MAKE IT BETTER
Anyone who suffers from diabetes knows that the disease can seem to overwhelm every moment of their lives. Managing it becomes a full-time job with little room for error. But in The Book of Better: Life With Diabetes Can’t Be Perfect, Make it Better (Random House, 2011), author Chuck Eichten ’84 makes the case that diabetics should let go of an unachievable goal. Rather, he wants diabetics to reframe their challenge in a light that focuses on the things they can achieve and improvements they can make.
Eichten is not a doctor or researcher. His chief qualification for writing this book is that he has had diabetes for decades— including his years as a student at Santa Clara. His day job is as design director at Nike DNA, where Nike collects and tells its stories from the archive (e.g., the first shoe born of a waffle iron). And the book’s message is delivered in a highly visual style that mixes text and graphics more like carefully crafted posters than a painstaking educational tome about the disease.
Still, it would be a mistake to dismiss The Book of Better as lightweight. Indeed, it makes a worthy read for both diabetics as well as friends and family seeking to better understand what it means to live with the disease. Among his advice, Eichten offers strong advocacy for insulin pumps, devoting a large portion of the middle of the book to the technology. He cites his own use of an insulin pump as having brought him the “better” elements in life, such as not having to worry as much about when he eats. But Eichten also notes that because such pumps remain expensive and out of reach of many around the globe, he calls on manu- facturers to create lower-cost versions—and for diabetics to request them. Not a cure, certainly, but a step forward that would deliver the better lives that Eichten argues are within reach. Chris O’Brien
DOUGLASS THE AGITATOR
Both progressive Supreme Court Justice Thurgood Marshall and conservative Justice Clarence Thomas have seen themselves as heirs to the political thought of the great abolitionist orator Frederick Douglass. How that can be—and what are the true dimensions of Douglass’s political philosophy—are the tantalizing questions Nicholas Buccola ’01, assistant professor of political science at Linfield College, tackles in The Political Thought of Frederick Douglass (New York University Press, 2012).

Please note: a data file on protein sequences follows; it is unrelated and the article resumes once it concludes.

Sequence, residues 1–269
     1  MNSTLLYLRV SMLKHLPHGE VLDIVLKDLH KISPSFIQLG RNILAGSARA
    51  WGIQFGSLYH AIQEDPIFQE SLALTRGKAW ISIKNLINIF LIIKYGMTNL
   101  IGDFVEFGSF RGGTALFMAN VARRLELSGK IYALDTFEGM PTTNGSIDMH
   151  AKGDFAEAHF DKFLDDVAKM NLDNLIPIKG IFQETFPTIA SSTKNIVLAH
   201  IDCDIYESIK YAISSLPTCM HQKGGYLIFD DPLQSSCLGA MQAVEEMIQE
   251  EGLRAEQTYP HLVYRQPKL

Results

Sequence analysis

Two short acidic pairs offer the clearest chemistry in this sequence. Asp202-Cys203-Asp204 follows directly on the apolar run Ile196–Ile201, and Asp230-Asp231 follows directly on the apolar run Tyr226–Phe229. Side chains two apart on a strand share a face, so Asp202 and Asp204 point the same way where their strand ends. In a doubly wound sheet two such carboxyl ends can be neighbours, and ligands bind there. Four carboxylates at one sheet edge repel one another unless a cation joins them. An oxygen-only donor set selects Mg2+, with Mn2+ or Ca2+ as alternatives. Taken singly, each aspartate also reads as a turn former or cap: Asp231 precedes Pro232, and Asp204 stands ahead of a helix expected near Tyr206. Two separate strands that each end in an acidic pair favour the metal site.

Douglass was born into slavery in 1818, escaped when he was 20, and went on to become not only one of most persuasive opponents of slavery but also an ardent champion of women’s suffrage, equal rights for immigrants, and universal public education. But a systematic political thinker he was not. So Buccola’s project is to uncover “the core commitments of Douglass’s political philosophy,” which, Buccola contends, were “remarkably consistent over time.”
In Buccola’s opinion neither Justice Thomas nor Justice Marshall gets Douglass quite right. Yes, Douglass promoted an idea of “self ownership” that can be read as a sort of up-by-your-bootstraps notion of personal responsibility. But from his experiences of slavery, Douglass also knew that such self-reliance can only work when there is fair play—which “meant that government had to play an important role in order to ensure that the social and eco- nomic rules were not rigged in favor of or against any particular group.”
Douglass seems to have been a much more thoughtful, nuanced political thinker and “agitator,” as he sometimes called himself, than we are used to today. He offered vibrant political and moral arguments, not sound bites. Buccola helps us understand how and why those arguments proved to be so powerful. Alden Mudge